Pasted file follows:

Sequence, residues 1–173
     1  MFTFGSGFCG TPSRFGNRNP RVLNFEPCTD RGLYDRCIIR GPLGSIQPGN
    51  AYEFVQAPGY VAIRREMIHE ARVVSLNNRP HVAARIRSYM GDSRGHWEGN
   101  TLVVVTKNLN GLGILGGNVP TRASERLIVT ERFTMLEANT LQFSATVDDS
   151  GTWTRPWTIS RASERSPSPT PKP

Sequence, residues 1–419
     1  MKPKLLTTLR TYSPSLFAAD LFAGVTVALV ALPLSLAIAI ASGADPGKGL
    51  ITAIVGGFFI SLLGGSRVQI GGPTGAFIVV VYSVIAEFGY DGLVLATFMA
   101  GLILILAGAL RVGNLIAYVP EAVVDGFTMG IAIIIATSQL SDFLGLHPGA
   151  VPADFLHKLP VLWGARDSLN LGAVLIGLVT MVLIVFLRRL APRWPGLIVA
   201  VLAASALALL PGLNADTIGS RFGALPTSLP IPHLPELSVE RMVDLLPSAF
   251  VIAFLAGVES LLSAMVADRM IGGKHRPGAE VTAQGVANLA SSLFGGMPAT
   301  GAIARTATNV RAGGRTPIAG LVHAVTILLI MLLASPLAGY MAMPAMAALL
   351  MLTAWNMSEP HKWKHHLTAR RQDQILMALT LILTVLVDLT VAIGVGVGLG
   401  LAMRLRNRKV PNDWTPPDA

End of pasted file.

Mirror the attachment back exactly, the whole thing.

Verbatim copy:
Sequence, residues 1–173
     1  MFTFGSGFCG TPSRFGNRNP RVLNFEPCTD RGLYDRCIIR GPLGSIQPGN
    51  AYEFVQAPGY VAIRREMIHE ARVVSLNNRP HVAARIRSYM GDSRGHWEGN
   101  TLVVVTKNLN GLGILGGNVP TRASERLIVT ERFTMLEANT LQFSATVDDS
   151  GTWTRPWTIS RASERSPSPT PKP

Sequence, residues 1–419
     1  MKPKLLTTLR TYSPSLFAAD LFAGVTVALV ALPLSLAIAI ASGADPGKGL
    51  ITAIVGGFFI SLLGGSRVQI GGPTGAFIVV VYSVIAEFGY DGLVLATFMA
   101  GLILILAGAL RVGNLIAYVP EAVVDGFTMG IAIIIATSQL SDFLGLHPGA
   151  VPADFLHKLP VLWGARDSLN LGAVLIGLVT MVLIVFLRRL APRWPGLIVA
   201  VLAASALALL PGLNADTIGS RFGALPTSLP IPHLPELSVE RMVDLLPSAF
   251  VIAFLAGVES LLSAMVADRM IGGKHRPGAE VTAQGVANLA SSLFGGMPAT
   301  GAIARTATNV RAGGRTPIAG LVHAVTILLI MLLASPLAGY MAMPAMAALL
   351  MLTAWNMSEP HKWKHHLTAR RQDQILMALT LILTVLVDLT VAIGVGVGLG
   401  LAMRLRNRKV PNDWTPPDA